Dragalin has announced that the Anti-Corruption Prosecutor’s Office is experiencing an institutional deadlock

Veronica Dragalin, head of the Anticorruption Prosecutor’s Office (PA), announced on Facebook that legislative changes will leave the Anti-Corruption Prosecutor’s Office without operational assurance for cases under its jurisdiction from 1 April 2024. Our institution lacks the necessary human and material resources to ensure visual tracking, interception, and control of money, as well as other special investigative measures for corruption offences committed by high-level officials such as ministers, deputies, judges, and prosecutors.

“Currently, the main obstacle is the insufficient space for the approximately 100 employees (officers, specialists, accountants, and civil servants responsible for the administration of the institution) of the Anti-Corruption Prosecutor’s Office who need to be transferred or hired. Currently, 100 people occupy 950 m2 in the NAC building. Additional space is required to meet the legal requirement of 198 employees.

If heads of state institutions refuse to allow public spaces to be used for public interest, corruption may result in the absence of students, teachers, and academics in our country. It is crucial to urgently strengthen the institution responsible for combating high-level corruption to send the message that the fight against corruption, justice, and the rule of law is a priority for our country. The citizens of our country deserve better,” writes the head of the Anti-Corruption Prosecutor’s Office.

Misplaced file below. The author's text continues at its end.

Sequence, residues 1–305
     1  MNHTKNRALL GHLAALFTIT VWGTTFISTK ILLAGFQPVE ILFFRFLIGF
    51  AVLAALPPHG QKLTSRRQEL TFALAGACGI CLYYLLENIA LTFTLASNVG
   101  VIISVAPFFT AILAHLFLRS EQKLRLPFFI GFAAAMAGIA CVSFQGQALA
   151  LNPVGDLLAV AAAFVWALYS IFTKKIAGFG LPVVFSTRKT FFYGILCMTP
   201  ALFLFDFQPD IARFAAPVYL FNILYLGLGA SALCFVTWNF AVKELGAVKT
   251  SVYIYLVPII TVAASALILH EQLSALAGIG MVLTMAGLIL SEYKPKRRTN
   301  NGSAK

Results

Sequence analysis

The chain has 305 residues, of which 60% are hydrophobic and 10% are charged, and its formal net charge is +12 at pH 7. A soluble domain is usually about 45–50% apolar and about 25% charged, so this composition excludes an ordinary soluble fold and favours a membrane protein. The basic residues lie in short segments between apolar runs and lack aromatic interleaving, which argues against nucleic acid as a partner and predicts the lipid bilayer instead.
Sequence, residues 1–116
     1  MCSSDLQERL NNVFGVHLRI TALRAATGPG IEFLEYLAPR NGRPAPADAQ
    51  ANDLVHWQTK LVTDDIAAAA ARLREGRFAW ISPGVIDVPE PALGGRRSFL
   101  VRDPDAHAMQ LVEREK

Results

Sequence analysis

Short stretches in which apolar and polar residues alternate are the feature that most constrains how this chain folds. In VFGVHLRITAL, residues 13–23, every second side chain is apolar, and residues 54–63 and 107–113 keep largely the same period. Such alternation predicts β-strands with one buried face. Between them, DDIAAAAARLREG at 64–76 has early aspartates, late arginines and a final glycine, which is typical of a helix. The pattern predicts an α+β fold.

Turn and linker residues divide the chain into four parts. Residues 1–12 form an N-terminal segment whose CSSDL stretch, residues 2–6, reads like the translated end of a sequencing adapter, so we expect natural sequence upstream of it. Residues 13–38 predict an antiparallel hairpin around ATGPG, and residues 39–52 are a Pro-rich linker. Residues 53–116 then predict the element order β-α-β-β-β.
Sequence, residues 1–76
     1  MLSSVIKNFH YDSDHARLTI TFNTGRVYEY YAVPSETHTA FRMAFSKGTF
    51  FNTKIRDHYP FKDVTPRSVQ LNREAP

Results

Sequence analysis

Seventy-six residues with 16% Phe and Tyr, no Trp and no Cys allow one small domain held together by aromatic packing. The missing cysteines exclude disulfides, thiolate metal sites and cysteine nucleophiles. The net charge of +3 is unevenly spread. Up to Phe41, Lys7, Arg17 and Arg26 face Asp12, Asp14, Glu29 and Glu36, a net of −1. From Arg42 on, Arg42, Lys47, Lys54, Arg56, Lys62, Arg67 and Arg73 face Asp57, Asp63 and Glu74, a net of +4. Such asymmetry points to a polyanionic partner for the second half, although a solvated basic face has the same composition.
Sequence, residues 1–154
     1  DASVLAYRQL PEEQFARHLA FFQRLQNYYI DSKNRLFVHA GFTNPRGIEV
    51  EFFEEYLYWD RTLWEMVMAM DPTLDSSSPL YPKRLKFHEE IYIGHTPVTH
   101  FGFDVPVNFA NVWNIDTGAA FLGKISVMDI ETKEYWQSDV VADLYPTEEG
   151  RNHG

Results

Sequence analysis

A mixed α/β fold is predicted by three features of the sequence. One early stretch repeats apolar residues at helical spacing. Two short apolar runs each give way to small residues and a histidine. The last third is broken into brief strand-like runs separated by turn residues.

“The government recognises the significance of providing sufficient resources to the Anti-Corruption Prosecutor’s Office in its fight against corruption at the highest levels. As with all public institutions, we acknowledge the importance of providing appropriate facilities and adequate resources to enable the Anti-Corruption Prosecutor’s Office to effectively fulfil its crucial mandate. For our part, we are open to continuing institutional communication with the AP to identify mutually acceptable options,” the government spokesman, Daniel Voda, stated.

Previously, there were rumours that the Anticorruption Prosecutor’s Office could occupy the premises of either the Academy of Sciences or the Pedagogical University “Ion Creanga.” However, the scientific and academic community opposed this co-location.

Justice Minister Veronica Mihailov-Moraru has identified a backup solution, which involves repairing an elevated block on the inside and equipping it with all necessary facilities. The General Prosecutor’s Office had previously considered this building as a possible location for specialised prosecutors’ offices.

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